Jurisdiction is the right of a court or government entity such as the police department or FBI to make decisions and orders regarding a case or issue. Jurisdiction refers to the right of a party or entity over someone or something. In other words, it is the authority of a legal entity to administer the law over a specified area or location. Jurisdiction applies to local, state, federal authority based on the case and where it occurred.
For example, if a dispute between two parties occurred in California, either the local or state court will have jurisdiction over the matter, unless the dispute involved federal law.
When the term is referred, it commonly refers to a court having jurisdiction over a legal matter. However, there are other instances when the term will be used. It is said that parents have jurisdiction over their kids until they are adults.
How Jurisdiction Affects Legal Outcomes
A fundamental question regarding jurisdiction is whether a specific court has jurisdiction over a case. To determine this, one must know where the act occurred, whether it crossed state lines, and if the issue at hand involved the matter for which the court is responsible for administering. For example, a divorce case will not be tried in the supreme court, just as a money dispute below $5,000 will not be determined in federal court. Knowing which court has jurisdiction over a particular legal matter is vital to estimating the legal risk of going to court or settling prior to going to trial.
Oftentimes lawyers and other legal professionals make decisions about settling a case and/or going to court depending on which court has jurisdiction over the case. For example, a state with liberal laws is more likely to penalize a gun possession case than a conservative state. Lawyers must determine the jurisdiction of the court and the likely legal outcome based on the history of the court that has jurisdiction over the legal matter.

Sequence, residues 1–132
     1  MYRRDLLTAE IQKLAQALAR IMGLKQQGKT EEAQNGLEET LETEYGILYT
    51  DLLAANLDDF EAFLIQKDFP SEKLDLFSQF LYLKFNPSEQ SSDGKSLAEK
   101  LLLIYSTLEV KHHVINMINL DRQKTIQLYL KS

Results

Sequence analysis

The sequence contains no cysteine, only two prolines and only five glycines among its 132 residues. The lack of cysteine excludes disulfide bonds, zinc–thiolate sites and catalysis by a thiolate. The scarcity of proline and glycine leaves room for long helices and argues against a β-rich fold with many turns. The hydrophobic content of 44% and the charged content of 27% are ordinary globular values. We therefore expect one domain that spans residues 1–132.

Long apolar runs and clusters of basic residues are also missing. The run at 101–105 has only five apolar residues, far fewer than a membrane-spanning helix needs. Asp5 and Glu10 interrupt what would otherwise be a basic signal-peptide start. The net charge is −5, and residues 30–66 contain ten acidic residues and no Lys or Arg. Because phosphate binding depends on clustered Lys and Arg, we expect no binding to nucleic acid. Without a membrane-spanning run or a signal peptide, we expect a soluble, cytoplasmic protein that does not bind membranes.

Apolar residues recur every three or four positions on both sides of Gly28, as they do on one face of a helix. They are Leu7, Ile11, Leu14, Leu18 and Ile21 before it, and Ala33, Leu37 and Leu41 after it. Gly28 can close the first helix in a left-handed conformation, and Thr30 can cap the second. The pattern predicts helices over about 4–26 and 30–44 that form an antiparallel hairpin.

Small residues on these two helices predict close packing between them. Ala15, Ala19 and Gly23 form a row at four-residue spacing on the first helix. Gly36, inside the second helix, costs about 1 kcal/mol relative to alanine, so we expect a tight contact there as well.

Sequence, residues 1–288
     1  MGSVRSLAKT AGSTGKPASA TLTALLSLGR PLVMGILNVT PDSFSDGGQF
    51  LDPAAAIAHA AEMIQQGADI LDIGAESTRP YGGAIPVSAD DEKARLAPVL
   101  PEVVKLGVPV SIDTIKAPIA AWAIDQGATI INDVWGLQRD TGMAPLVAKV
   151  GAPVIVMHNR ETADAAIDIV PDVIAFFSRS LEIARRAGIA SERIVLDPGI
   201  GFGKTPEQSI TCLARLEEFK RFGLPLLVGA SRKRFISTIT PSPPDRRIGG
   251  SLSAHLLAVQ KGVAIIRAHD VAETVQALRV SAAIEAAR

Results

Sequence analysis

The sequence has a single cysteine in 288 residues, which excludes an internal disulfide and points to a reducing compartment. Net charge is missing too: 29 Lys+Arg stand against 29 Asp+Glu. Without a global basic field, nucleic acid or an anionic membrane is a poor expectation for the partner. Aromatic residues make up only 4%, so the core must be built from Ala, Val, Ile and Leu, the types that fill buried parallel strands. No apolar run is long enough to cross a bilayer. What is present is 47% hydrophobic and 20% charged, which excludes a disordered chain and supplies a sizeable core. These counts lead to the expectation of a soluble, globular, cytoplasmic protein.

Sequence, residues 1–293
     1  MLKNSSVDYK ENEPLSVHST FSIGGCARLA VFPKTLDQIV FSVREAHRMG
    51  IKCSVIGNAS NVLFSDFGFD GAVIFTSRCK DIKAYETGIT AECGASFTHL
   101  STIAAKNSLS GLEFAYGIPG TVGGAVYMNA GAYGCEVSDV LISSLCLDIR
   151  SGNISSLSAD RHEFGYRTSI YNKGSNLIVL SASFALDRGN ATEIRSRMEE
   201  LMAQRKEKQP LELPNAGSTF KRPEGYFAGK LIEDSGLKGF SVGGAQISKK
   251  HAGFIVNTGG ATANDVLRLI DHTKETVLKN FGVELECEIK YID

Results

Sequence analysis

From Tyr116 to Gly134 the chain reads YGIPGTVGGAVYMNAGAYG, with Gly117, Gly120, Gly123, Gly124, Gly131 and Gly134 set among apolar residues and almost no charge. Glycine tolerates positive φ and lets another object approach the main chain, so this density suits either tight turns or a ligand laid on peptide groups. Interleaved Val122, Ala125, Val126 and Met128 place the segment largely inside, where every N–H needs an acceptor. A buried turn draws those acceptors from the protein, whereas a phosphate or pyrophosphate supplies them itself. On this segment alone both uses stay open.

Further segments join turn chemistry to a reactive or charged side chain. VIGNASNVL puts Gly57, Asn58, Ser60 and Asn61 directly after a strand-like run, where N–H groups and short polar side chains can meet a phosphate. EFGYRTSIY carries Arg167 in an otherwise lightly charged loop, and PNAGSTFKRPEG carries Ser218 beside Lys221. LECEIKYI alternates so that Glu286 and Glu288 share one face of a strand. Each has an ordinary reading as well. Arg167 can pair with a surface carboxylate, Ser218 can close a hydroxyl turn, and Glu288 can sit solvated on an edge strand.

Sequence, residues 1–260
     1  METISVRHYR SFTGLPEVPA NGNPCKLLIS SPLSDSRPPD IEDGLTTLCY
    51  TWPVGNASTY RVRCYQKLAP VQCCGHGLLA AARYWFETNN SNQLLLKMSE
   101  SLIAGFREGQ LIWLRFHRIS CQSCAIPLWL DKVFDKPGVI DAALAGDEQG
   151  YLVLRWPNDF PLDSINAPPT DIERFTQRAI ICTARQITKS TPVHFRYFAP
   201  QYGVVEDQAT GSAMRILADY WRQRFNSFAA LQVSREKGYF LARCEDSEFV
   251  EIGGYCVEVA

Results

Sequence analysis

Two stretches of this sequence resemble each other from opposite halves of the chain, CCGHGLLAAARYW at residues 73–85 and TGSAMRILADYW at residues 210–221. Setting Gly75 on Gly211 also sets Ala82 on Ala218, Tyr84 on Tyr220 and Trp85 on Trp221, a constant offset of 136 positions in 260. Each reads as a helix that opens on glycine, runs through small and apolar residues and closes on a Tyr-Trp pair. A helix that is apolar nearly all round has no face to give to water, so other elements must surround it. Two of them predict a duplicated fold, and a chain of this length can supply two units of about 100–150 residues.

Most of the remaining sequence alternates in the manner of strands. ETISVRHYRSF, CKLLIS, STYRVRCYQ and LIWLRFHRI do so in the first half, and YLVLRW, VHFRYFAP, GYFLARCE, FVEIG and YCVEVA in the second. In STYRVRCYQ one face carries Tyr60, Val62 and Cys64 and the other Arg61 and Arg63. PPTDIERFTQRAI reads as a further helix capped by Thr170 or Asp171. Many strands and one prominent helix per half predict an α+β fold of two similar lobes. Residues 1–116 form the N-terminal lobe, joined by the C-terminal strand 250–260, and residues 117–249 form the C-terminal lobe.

Authority Granted by a Court’s Jurisdiction
The jurisdiction authority of a given court is granted by the power of the constitution or the legislation that states the rights of legal bodies. State courts have the ability to process any general case, other than those expressly prohibited by law such as federal or bankruptcy cases.
Federal law determines the jurisdiction of the various courts. Deciding which court has the authority to try a case is based on the subject matter of the case and the parties of the case. Cases involving subject matter are referred to as rem jurisdiction, while cases regarding people is called persona jurisdiction.
The jurisdiction of a case concerning property is determined based on where the property is located. This is an example of rem jurisdiction.
Types of Jurisdiction
Some courts only have the designation of being called an original jurisdiction court. This type of court can only try cases originally brought into courts and not appeals. Courts that can try appeals have appellate jurisdiction.
A general jurisdiction court can try cases of all kinds. This includes cases involving fraud, theft, and others. A specific jurisdiction can only try cases for which they have been assigned. An example of this is a bankruptcy or small claims court.
The State and Federal Supreme Court can decide which cases they try. They are the only court that has the jurisdiction to choose the appeal cases they wish. Typically, the only cases that the state and federal supreme court tries are cases that would settle the import issues of society such as about consumer rights, land rights, political debates, immigration law, and other controversial issues of the day. Furthermore, supreme courts are the only court that has the jurisdiction to hear cases of any subject matter and people.
The Supreme Court has ultimate authority. They can exercise both original and jurisdiction and can try cases of any kind including those involving a foreign country.